It really was brilliant - cheers from the 300,000(?) every time someone new was shown on the screen, lots of friendly joking between groups, and singing along. It was also very well organised, with toilets and refreshments galore.

Hyde Park caught all the fly-overs (including the Sea King) and the Battle of Britain Flight managed to bank round to come back and right over the top of the crowd.

In the intervals of BBC coverage we got a pretty good wedding band, who got the loudest singing of the day for 'Don't Want to Miss A Thing' and some good conga-lining (surely a must at all Royal wedding celebrations).

Shame to everyone who didn't come because of forecasts of drizzle.

Watched the flypast from The Strand before work. A fantastic atmosphere, quite unexpected.

I went along for the same reason: a sense of history in the making. I'm not much of a royalist, but I still thought it was a very special day. I don't think I've ever seen so many people in London wandering around the streets and parks; I imagine this is what VE Day might have been like.

Just to add that I think the clean up crews may have been from The Royal Parks, not Westminster Council - the ones I saw at Victoria Memorial certainly were. As an ex Royal Parks employee, I have to say I was immensely proud of my former colleagues for the hard work and hours I know they would have put in to prepare for the big day. So I would to say a big thank you here to Mark Wasilewski (Park Manager, The Green Park/St James's Park) and Rob Dowling (Park Manager, Hyde Park) and all the many other TRP and Enterprise staff involved, well done!

(Those official programmes are going for anything from £20 upwards on eBay now! I bought one, but I'm hanging on to it.)

I'm so glad you went! I always manage to miss it. 30 years ago my family left for a holiday in Seattle the day before and watched Charles & Di's wedding in the hotel, as jet-lag kicked in and we were wide awake at 2am!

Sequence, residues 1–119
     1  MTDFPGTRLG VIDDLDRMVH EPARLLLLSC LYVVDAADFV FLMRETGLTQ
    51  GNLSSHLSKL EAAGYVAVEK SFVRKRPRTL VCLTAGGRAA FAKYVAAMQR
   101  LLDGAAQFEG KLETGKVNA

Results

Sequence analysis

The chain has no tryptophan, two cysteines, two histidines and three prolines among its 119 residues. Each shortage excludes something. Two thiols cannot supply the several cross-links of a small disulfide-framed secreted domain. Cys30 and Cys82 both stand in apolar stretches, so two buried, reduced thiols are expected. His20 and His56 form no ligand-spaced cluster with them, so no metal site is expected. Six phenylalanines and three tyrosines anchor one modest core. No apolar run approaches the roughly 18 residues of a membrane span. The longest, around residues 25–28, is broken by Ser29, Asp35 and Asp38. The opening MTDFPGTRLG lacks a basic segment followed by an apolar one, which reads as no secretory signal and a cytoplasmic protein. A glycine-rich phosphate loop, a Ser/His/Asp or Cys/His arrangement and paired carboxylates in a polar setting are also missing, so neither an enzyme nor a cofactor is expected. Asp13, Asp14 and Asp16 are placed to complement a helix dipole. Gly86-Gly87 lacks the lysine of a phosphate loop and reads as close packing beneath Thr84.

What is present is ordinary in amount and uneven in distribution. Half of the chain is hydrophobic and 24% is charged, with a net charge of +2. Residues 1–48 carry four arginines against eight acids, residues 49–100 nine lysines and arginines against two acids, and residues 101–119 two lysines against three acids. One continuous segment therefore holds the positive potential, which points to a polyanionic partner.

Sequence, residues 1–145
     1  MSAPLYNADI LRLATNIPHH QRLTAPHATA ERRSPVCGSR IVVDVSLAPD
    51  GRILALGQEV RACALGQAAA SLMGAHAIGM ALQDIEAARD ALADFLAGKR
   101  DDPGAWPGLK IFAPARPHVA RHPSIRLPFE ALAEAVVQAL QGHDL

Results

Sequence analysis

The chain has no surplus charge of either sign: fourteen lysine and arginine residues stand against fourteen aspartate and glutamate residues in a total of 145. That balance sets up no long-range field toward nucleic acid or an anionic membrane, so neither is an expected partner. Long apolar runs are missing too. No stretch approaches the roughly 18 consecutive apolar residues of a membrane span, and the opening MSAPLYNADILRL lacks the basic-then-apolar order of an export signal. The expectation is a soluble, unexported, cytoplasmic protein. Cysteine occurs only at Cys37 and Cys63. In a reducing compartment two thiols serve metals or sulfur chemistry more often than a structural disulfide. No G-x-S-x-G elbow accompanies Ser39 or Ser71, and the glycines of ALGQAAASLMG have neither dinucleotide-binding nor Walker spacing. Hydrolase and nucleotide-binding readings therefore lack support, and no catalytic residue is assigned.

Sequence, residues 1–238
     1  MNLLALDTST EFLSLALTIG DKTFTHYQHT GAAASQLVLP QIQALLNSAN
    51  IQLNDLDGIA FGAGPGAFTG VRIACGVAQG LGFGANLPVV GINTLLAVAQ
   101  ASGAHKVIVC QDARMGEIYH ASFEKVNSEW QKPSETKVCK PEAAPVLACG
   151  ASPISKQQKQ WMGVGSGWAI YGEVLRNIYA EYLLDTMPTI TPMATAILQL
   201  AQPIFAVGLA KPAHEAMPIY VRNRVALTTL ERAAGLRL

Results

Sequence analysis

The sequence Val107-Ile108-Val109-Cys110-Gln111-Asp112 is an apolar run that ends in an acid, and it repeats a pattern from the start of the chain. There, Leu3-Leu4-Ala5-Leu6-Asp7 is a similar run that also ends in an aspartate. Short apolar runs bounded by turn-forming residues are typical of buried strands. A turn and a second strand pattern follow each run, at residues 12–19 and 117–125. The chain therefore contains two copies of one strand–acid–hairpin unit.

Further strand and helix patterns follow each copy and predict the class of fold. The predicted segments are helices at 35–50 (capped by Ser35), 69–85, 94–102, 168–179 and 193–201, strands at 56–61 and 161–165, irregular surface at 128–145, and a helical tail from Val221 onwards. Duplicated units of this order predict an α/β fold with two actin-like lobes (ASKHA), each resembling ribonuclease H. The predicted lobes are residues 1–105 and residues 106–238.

30 year later I'm once again in the states, but this time watched the edited highlights and shed a silent tear of homesickness.

My dad as a little boy was there for VE day.

A lovely report, DG. And a very watchable video from geofftech. Thanks a lot, guys, you really captured the perspective from street level.

Hi DG,

I think I spotted the guy with the camera on a pole that you referred to. The BBC website has a gigapixel image of the happy couple in the carriage approaching Buckingham Palace here:

You can use the controls to pan and zoom into the wonderful image. It's like "people watching" from a laptop. Most fascinating. Anyway if you zoom into the tall "plinth" on the left hand side of the image (the plinth with what looks like a statue of a Greek God holding a shield, the happy couple's carriage has just passed it), you will notice a young girl sitting atop a chair which is above the crowd level leaning against the plinth. If you trace a horizontal line from her chin to just past the first hooded traffic light, you'll see a camera on a pole, with a glimpse of the bloke who is holding it up, looking up at it. Is that your man?

I was there too and you must have walked passed me as I waited by the side near the Radio 2 tent to join the procession up the Mall. I f only I'd known I would have said hullo!

I didn't want to go but my wife made me but I'm glad I did although I wish I hadn't walk up the Mall las we got stuck behind the Victoria Memorial and the inappropriate studio on it so al lwe saw was the edge of Mrs Middleton!

Fabulous post... funny how you lucked out for a front row seat. Thanks for sharing, as always.